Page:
Funny, warm, philosophical and with an electric narrative voice, 'Troofriend' is children's sci-fi at its best. This is 'Black Mirror' for ages eight up. It will leave you with a 'u' shape on your face and lllottts of qquestions to ignite your bbrrainn. Whrrrrrr.
Sarah is not happy with the friends she's making at school and her parents are always busy. To make things better, she's given the Troofriend 560 Mark IV; an android who never lies or steals or bullies but is the perfect friend. Except this design of Troofriend is experiencing a glitch... it's beginning to feel and express real human emotions.
Kirsty Applebaum has written a wonderful and surprisingly gentle story that thoughtfully explores the issue of artificial intelligence - something that feels more and more timely and relevant. Children today could be the parents of this book in the future (if not sooner), and what better way to prepare them for a world of AI than with a fantastic work of fiction with a first-person narrator like no other. Honestly, this is what makes 'Troofriend' such a joy. 'Ivy' the android narrates events with cold hilarity, with sparkling insight and with a fuzzy, growing warmth that makes for such compelling and additive reading. In this way, the story is tight and descriptions are delightfully prosaic, yet somehow (like the circuits inside Ivy) the sum of its parts makes for something startling poetic as a whole. There are so many points in the story, where as a teacher, I would stop and allow a debate, or even just a bit of a giggle.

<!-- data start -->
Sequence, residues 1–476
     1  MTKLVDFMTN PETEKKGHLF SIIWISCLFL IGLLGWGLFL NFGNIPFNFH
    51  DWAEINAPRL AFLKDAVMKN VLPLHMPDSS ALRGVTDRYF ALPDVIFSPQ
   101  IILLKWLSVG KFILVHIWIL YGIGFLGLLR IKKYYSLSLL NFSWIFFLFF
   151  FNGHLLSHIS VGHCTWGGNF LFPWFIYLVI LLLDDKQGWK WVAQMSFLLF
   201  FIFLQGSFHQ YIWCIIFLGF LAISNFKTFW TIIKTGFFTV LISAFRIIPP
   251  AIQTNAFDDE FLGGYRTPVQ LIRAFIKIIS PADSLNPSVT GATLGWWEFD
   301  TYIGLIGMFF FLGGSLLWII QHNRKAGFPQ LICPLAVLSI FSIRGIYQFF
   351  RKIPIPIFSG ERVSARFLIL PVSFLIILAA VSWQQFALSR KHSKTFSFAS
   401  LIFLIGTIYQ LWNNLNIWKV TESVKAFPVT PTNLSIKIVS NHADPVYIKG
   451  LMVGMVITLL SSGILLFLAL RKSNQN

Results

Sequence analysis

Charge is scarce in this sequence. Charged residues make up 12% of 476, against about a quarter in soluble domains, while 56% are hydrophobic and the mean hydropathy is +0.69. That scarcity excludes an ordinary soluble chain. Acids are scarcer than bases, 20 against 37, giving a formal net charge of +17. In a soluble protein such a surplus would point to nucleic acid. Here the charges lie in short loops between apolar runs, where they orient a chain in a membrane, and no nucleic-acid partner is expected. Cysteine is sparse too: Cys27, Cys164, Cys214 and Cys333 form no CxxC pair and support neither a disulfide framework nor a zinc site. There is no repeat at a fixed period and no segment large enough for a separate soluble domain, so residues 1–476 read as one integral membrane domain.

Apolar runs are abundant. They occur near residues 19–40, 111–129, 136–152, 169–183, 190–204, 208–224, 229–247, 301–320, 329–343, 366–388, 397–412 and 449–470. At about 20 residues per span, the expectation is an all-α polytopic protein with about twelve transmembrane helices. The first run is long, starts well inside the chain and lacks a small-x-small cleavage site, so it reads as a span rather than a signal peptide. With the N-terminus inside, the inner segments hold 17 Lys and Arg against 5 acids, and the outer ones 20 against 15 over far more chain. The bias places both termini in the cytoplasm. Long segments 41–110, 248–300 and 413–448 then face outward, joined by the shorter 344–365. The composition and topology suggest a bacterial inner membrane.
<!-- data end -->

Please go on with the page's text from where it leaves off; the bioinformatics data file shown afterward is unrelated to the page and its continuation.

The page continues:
With little out there for children that addresses the rise of AI, this is a perfect book for all present and future classrooms. Let's just hope there will never be a Trooteacher!